The world is reeling from the election results and everyone is venting their frustrations and angers but nobody has really offered an accurate portrayal of what to expect.

Ultimately, the party that brought Trump to power is the Republican base. These guys are conservative, and no matter what Trump’s rhetoric might have suggested, or what his own followers might want, the establishment of the conservative base which brought him to power is the one that dictates the future, similar to one the Democratic establishment which lays the agenda for their candidate. Donald Trump was portrayed as somebody who is maniacal, crazy, and a “masterful” politician. In reality, he was exploiting his privilege, inheritances, and political affiliations. The GOP knew that a Hillary-led America was their demise. What people do not seem to realize is the following – the specter of racism which is deeply embedded in American culture afflicts the world at large, and this can be true of nearly every political phenomenon which affects Americans. The US and the international arena are inextricably linked.

The Russians played a part but the real reason for Trump’s win was the fascist racist subculture which largely dictates US policy in domestic and foreign spheres.

The Russians have taken for granted Obama’s flexibility and compromise. Like the Americans, they feel they’ve encouraged the rise of a greater asset for stability – but what they underestimate, as they have their foes in their recent past, is Trump’s loyalty to his own party platform, whom without, he wouldn’t know what to do. This guy is a figurehead – not a policymaker.

I predict Trump will be a disaster for both his nation, his allies and his foes – because he will act on the ideological positions of his party which will run counter to the reconciliatory efforts of Obama which eased global tensions, such as with Iran. He’s completely reduced US presence in Iraq. The exception was Libya. The Syrian Crisis can be blamed mainly on Gulf & Turkey.

Trump will attempt to sabotage the Iran Nuclear Deal, inflame radicalism and terror & damage the global economy. His noninterventionism will prove to be a lie as the GOP convinces him to militarily confront Islamists more directly. He will embolden his Gulf allies, while supporting dictators like Assad, thereby creating a more dire situation of instability and violence – contrary to his empty promises of unconventional approaches to foreign policy. He will stand more strongly with Israel, and undermine Palestinian human rights therein – contrary to expectations that his competitor, Clinton would do worse. This doesn’t mention the domestic ills he will cause – and the backlash that will come with it. His empty promises will have proved to hijack the insecurities of Americans. They’ve created a new messiah for themselves. And almost every single accusation of deviousness levied by them, is in fact practiced by them in the fullest. The lazy, unambitious, privileged, complacent, unskilled, bitter, overweight, gluttonous, self-loathing, racist, dependent, nepotistic and unmerited class of Americans have shown their hypocrisy. They’ve shown that deep down they hate America; and wish to see it suffer as they do for their lack of conscience and humility. They echo radicals in their hatred of liberal freedoms which they are ungrateful for.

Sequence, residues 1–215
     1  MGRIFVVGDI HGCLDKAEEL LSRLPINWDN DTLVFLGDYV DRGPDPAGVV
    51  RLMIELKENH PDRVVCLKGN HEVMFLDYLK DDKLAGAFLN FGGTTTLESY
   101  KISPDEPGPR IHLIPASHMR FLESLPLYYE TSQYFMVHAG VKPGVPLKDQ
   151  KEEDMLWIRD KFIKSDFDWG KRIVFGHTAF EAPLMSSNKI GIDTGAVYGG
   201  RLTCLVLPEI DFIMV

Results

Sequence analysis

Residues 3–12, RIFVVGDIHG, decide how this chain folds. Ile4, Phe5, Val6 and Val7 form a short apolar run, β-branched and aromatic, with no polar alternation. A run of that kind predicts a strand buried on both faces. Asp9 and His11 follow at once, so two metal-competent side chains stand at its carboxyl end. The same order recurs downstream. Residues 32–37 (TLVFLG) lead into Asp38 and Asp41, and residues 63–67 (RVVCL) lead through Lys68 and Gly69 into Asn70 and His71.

Let us hope we can overcome. Whether that means enduring, impeaching, organizing or mobilizing.

Trump will make a mockery of the Russians for believing he was better for them than Clinton. The GOP cannot decide between nationalism and capitalism – and the Middle East is a dire example of that where the US is caught between helping their Gulf allies fund ISIS & al Qaeda against Assad while simultaneously protecting Assad against ISIS. This double-dealing is symbolic of a long-lasting tradition called the Great Game, originally waged between England and Russia. Now the New Great Game is fought between USA & Russia, over regions like Middle East and Central Asia.

Americans have amnesia. They’ve forgotten that the GOP is responsible for bringing us to the point we are at in our history. They’ve forgotten the Bush years. The WMD lies. The millions of dead Iraqis. They’ve forgotten the War on Terror. They’ve forgotten Obama’s inheritances. The media emblazoned Trump’s message everywhere and Americans naturally ate it up.

Americans caved in. They could not contain their miseries. Meanwhile, the rest of the world has been reeling from American onslaught for decades.